Trump blamed for NZ-inspired attack
US President Donald Trump is facing a storm of criticism after two mass shootings over the weekend, one of which may have been inspired by the Christchurch mosque massacres.
Patrick Wood Crusius, 21, killed 20 and wounded 26 at a Walmart in the Texas border city of El Paso on Saturday. Less than 24 hours later, Connor Betts, 24, shot his sister and eight others in an entertainment district of Dayton, Ohio.
Police say they are investigating the Walmart attack as a possible hate crime and are treating the shooting as a case of domestic terrorism.
Crusius reportedly posted a message on website 8chan shortly before the shooting, expressing sympathy for the white supremacist-linked massacre at mosques in Christchurch, New Zealand, stating: "This attack is a response to the Hispanic invasion of Texas."
Mr Trump has condemned the shootings, saying more action may need to be taken to prevent mass shootings in the US while blaming mental illness for fuelling the attacks.
"This has been going on for years … we have to get it stopped," Mr Trump told reporters in New Jersey.
"Perhaps more has to be done," he said, adding that "this is also a mental illness problem".
Mr Trump said he would make an announcement on Monday regarding the issue.
But Mr Trump is being blamed for stirring discontent about immigration, and many on Twitter said he had blood on his hands.
Trump responds to a mass shooting by playing golf and crashing a wedding. Obama responded by speaking to a heart broken nation with tears in his eyes. https://t.co/ODXRHUqtPA— Heather 🌊📢 #Khive2020 (@GundyGirl) August 4, 2019
Trump stopped by another wedding at Bedminster last night pic.twitter.com/38IEhTouFk— Kevin Liptak (@Kevinliptakcnn) August 4, 2019
Presidents Obama and Bush would both have flown to El Paso and Dayton. Trump played golf.— Animal of politics (@PoliticalAnim13) August 4, 2019
Mr Trump has been outspoken against migrant arrivals, describing the arrival of immigrants at the US-Mexico border as an "invasion". Most recently he tweeted that four female politicians should "go back" to the "crime-infested places from which they came".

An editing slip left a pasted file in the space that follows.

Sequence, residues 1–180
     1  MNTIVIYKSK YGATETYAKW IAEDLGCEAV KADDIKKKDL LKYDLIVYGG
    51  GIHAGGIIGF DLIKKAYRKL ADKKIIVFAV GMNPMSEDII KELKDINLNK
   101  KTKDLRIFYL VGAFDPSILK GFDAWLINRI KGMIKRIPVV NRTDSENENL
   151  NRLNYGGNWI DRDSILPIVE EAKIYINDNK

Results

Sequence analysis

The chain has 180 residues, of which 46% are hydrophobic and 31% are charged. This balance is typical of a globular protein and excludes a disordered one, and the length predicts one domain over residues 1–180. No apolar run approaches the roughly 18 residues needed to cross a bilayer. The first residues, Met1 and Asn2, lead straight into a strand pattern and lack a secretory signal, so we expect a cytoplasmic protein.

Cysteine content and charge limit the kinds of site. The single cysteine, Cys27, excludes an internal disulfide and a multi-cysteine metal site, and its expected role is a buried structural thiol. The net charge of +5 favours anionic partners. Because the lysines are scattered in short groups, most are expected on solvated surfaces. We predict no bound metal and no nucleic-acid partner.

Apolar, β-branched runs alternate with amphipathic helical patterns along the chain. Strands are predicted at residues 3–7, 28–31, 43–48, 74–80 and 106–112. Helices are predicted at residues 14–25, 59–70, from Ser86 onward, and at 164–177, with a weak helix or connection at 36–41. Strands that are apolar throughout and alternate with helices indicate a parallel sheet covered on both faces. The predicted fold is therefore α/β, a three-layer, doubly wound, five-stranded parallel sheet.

His opponents say his rhetoric is inflammatory, has stoked divisions in the country and could incite violence.
Saturday's shooting at Walmart appeared to target Hispanics, and Mexican officials say three Mexican nationals were killed and another six were wounded.
Ahead of the attack, Crusius posted a document online that expressed concern about an influx of Hispanics into the United States replacing ageing white voters, potentially handing the state of Texas to the Democrats as well as the presidency.
The border city where the shooting took place has figured prominently in the immigration debate and is home to 680,000 people, most of them Latino. El Paso is also a popular weekend shopping destination for Mexicans who live across the border in Ciudad Juarez.
Many, including actress Mia Farrow, took to Twitter to blame the rise of white supremacist violence on Mr Trump.
What did you think would happen as you relentlessly fan the flames of hated? You have some responsibility for this— Mia Farrow (@MiaFarrow) August 4, 2019
Blood in your hands. BLOOD— Nuno Hipólito (@nunohipolito) August 4, 2019
You have inspired this hate and violence. This is what you’re promoting This young man was a soldier in your white supremacist-led war against people of color. And you were just praising your white supremacist compatriot, Steven Bannon yesterday.— Michelangelo Signorile (@MSignorile) August 3, 2019